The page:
By Andreas Ulrich and Alfred Weinzierl
The delegation of police trainers and soldiers from Germany, Hungary and the United States had come prepared for a work meeting. They had expected it to be somewhat formal at first, but that it would become more relaxed as the meeting progressed.
Abdul Rahman Khaili, the police chief of Baghlan province in Afghanistan, had invited the group to a reception. But when the guests arrived at the police headquarters building, there was no one there to greet them -- only a strange, eerie silence.
Until a man in an Afghan uniform appeared, approached the delegation with measured steps and, when he was close enough, blew himself up.
Networks of Relationships
Two Americans died and five people were wounded. The target of the attack was Police Chief Khaili, the provincial governor said in a hasty statement.
But international investigators had a different theory. They believed that Khaili might have been behind the suicide bombing. He was seen as a man with ties to Afghan President Hamid Karzai, and he was suspected of being involved in the opium trade.
But nothing happened to the police chief, despite massive protests from Berlin and Washington. "There are networks of relationships that are much more powerful than the government in Kabul," says a German police inspector who spent a long time working as an adviser in Afghanistan and traveled widely in the country.
He tells the story to illustrate his view that Afghanistan will never function in accordance with the rules of Western civilization, not even at a police headquarters building. "We don't recognize the Afghan reality, and that's why we will fail there," says the inspector.
For the last eight years, Germany, working with the United States, has been building a police force in Afghanistan. The effort was very academic and very thorough at first -- and also very naïve. Eventually the Germans gained the support of other European Union countries. Since 2008, German trainers have been giving eight-week crash courses in an attempt to turn Afghan men into law enforcement officials. It is a mission impossible.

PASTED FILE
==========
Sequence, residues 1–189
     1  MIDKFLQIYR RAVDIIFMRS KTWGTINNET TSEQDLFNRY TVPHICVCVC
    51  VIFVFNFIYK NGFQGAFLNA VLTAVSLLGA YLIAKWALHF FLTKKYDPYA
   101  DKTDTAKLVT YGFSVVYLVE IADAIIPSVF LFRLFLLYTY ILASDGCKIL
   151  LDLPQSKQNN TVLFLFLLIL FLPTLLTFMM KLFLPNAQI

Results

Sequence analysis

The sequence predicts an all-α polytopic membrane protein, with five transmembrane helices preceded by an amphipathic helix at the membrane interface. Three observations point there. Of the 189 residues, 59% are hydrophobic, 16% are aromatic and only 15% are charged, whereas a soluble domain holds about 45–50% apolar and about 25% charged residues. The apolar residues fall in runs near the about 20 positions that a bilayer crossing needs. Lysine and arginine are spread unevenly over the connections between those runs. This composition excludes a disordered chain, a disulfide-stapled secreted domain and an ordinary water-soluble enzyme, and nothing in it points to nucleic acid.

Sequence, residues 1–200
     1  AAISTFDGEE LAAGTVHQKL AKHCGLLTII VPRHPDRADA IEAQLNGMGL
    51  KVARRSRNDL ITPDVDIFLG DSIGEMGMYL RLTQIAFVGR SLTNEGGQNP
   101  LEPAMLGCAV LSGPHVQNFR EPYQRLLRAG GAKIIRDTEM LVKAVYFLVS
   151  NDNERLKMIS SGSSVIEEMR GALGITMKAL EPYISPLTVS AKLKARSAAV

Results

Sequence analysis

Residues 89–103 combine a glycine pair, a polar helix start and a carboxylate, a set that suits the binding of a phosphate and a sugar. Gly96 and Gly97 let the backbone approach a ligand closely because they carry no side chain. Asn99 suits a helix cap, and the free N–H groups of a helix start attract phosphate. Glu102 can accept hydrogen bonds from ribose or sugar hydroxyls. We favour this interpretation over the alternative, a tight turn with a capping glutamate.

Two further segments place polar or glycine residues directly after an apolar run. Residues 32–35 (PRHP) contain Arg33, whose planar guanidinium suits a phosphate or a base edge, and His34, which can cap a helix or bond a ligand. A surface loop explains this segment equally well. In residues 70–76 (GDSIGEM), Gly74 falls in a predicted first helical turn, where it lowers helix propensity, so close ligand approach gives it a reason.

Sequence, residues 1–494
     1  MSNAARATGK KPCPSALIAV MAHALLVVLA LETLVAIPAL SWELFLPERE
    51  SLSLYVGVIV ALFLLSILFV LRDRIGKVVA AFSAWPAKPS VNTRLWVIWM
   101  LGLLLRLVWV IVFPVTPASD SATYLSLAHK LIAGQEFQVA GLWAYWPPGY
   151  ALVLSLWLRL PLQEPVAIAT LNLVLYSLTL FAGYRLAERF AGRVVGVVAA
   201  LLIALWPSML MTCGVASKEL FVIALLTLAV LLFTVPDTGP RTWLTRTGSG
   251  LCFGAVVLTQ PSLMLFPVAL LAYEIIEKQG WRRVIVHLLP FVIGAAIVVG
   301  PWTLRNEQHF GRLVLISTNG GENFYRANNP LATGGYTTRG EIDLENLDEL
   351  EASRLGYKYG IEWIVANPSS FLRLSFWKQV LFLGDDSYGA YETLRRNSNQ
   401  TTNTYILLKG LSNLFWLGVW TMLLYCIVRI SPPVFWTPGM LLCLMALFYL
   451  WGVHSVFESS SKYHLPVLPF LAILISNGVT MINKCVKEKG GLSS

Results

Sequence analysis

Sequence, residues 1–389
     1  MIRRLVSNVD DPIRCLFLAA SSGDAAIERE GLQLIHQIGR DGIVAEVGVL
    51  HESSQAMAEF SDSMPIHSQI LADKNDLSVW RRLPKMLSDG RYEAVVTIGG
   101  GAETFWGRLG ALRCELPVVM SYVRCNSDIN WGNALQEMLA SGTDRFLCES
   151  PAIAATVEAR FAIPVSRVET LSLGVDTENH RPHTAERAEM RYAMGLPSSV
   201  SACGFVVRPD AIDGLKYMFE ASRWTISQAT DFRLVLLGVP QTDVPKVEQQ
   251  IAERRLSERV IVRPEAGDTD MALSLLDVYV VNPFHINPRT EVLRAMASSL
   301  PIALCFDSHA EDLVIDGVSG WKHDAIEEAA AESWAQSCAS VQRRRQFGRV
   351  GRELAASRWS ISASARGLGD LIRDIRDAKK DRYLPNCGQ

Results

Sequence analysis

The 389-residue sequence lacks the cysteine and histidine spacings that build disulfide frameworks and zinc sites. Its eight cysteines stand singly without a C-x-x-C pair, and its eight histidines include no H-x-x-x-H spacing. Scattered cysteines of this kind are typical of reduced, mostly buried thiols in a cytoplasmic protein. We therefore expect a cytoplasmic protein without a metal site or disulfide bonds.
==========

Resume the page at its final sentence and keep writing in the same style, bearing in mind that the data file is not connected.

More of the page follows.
SPIEGEL interviewed a number of German police officers who participated for a year or more in this impossible task in the land of warlords, Taliban and corrupt rulers. They included organized crime specialists, experienced trainers and senior German officials who advised Afghan cabinet ministers. They didn't want their names to be published, because what they have to say is politically unpopular. Their verdict is unanimous and devastating. "The establishment of rule of law in Afghanistan is an illusion," says one man who was stationed in Kabul until recently.
Last weekend, a German interior minister visited Afghanistan for the first time in six years. Thomas de Maizière visited Kabul, Mazar-e-Sharif and Kunduz, where he inaugurated a new training center. German trainers will train up to 500 Afghan police officers a year at the facility. The Kunduz center is a German contribution to the agreements reached at the Afghanistan conference in January. Western forces expect to train an additional 30,000 police officers to protect Afghan citizens by 2012. Half of them will have been trained by German personnel. Germany expects to increase its contingent of trainers to 260 by mid-year.
'We Lose Control Over Them'
De Maizière was given an unvarnished account of what is important in Kunduz. "The emphasis of the training," project coordinator Volker Winkler explained to him, "is always to learn how to survive." Winkler also told de Maizière that German assistance would still be needed after 2012. "We need a lot of police officers in Afghanistan, and we need good police officers. The two things go together."
There's only one problem: The plan isn't working.
That, at least, is the sober assessment of almost everyone involved in the police recruitment and training process. It's the view held by the Americans, who have already pumped $6 billion (4.4 billion) into the training programs, by the Italians, who sent a Carabinieri unit to the police training center in Kabul in January, and by the Germans. "We are training police officers at top gear," says a senior German official, "and when they leave us, we lose control over them."
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